Spielberg calls for responsible TV

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Steven Spielberg urged TV networks to be mindful of what they show on the air because of the effect it might have on children, and said programs like CSI and Heroes were too gruesome.

"Today we are needing to be as responsible as we can possibly be, not just thinking of our own children but our friends' and neighbors' children," Spielberg told an audience Monday at the International Emmys board of directors meeting here.

Spielberg decried on-air promotions for television shows like CSI: Crime Scene Investigation that showed "blood and people being dissected." He also said that when his favorite TV show of the new season, NBC's Heroes, showed someone cut in half in the 9 p.m. hour, he sent his younger children out of the room.

"I'm a parent who is very concerned," he said.

Spielberg said that the TV landscape was much more "homogenized" 20 years ago, even seven or eight years ago. One of his shows, ER, wouldn't have been on the air 20 years ago because of its graphic depictions.

Two of Spielberg's movies, Schindler's List and Saving Private Ryan, have generated controversy during their television airings with uncut language and graphic depictions. But Spielberg has also made a famous edit to the DVD release of E.T.: The Extra-Terrestrial, where a government agent wielded a gun in the original film but held a walkie-talkie in the DVD.

In a free-ranging hour of interview with former NBC News correspondent Garrick Utley and questions from the audience, Spielberg said iPod video may be all the rage, but count his films out from being tailored to fit the small screen.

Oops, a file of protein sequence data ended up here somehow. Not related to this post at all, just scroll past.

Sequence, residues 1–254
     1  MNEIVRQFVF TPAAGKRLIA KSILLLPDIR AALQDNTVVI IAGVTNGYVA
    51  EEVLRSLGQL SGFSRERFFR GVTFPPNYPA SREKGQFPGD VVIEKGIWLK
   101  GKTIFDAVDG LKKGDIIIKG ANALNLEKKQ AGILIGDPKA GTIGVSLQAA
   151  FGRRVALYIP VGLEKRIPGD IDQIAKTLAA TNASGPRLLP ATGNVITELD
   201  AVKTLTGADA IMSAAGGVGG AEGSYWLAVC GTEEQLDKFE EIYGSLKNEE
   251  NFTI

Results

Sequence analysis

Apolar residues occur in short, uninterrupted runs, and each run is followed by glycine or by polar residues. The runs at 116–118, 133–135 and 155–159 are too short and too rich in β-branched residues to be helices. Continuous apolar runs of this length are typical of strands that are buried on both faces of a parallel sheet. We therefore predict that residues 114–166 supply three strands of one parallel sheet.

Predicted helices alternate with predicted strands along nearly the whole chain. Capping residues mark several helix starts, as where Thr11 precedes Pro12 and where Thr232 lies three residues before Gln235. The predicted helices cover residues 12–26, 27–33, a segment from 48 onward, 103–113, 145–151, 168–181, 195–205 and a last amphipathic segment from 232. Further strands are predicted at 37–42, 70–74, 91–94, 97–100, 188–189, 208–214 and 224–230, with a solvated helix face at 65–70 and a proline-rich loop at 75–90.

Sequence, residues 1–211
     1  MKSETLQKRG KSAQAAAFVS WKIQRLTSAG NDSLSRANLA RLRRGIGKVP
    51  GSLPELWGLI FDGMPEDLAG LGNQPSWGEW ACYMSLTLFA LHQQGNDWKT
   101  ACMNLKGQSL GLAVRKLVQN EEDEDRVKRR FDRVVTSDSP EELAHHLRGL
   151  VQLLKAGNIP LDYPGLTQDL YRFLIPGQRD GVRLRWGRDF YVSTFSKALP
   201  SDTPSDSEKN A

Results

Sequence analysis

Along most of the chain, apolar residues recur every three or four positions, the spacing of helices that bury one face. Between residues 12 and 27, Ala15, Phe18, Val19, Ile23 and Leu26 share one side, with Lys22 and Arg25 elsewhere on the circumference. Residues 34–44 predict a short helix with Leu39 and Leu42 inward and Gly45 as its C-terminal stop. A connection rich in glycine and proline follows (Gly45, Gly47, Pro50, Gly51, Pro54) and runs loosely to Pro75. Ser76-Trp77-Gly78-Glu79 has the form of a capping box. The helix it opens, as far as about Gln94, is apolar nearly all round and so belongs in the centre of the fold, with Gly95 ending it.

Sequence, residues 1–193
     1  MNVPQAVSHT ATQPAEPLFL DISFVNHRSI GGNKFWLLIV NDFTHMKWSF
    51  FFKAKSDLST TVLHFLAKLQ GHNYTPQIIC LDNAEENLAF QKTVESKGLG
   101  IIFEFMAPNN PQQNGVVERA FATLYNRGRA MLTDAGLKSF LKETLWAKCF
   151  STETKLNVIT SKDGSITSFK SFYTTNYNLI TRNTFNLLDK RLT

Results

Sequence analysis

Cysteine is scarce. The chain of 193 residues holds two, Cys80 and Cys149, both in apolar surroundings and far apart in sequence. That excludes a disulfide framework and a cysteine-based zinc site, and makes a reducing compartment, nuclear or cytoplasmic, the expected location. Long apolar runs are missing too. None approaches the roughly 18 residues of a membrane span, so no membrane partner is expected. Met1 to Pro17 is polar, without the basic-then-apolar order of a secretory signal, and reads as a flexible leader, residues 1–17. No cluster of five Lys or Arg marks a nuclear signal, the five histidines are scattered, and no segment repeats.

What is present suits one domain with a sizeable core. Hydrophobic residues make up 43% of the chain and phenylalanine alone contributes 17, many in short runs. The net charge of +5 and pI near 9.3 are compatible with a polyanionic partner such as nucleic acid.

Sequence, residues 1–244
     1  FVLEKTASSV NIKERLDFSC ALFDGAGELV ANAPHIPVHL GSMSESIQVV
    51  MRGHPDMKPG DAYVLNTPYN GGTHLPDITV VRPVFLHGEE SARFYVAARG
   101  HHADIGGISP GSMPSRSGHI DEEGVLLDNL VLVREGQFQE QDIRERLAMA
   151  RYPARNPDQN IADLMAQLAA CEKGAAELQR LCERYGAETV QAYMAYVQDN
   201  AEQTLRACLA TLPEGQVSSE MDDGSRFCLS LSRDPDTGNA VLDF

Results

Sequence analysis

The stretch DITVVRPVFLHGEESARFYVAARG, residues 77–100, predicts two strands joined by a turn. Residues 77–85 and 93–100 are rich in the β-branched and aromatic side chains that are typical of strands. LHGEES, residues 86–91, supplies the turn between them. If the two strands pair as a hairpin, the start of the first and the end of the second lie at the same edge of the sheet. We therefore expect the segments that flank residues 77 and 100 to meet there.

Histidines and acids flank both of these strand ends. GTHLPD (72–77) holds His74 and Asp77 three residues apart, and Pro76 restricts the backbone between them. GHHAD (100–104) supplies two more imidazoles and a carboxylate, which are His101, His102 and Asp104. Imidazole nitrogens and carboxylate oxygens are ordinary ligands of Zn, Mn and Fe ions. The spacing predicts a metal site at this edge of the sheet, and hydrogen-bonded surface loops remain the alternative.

"That's one medium where I have to draw the line," he said. "We'll shoot for television and the movies and let there be a wide gap" between that and the small three-inch screen. He also said that he felt that people are social animals who will choose to go out to a movie rather than watch a show on widescreen.

"I don't think movie theaters will ever go away," Spielberg said.

But the producer-director who got his start in TV directing Joan Crawford for a 1969 episode of Rod Serling's Night Gallery isn't lacking for work on screens of any kind. He's developing a 10- or 11-hour miniseries about the US war against Japan in the Pacific Theatre during World War II, part of the 20 percent of his time that he estimated he worked on TV projects compared with 80 percent for films.

He called working on miniseries "the most fun I have" and especially liked the ability to develop characters. He pointed to HBO's Band of Brothers, which developed characters over hours rather than the eight to 10 minutes that he said was available in a two-hour feature film.

Another project is On the Lot, a Mark Burnett-Spielberg TV series that will choose one of 16 aspiring filmmakers for a development deal with DreamWorks, Spielberg's studio. It will air on Fox. And of course there's another film coming in the Indiana Jones series, which Spielberg was relatively mum about.

"There's still life in the series," Spielberg said.

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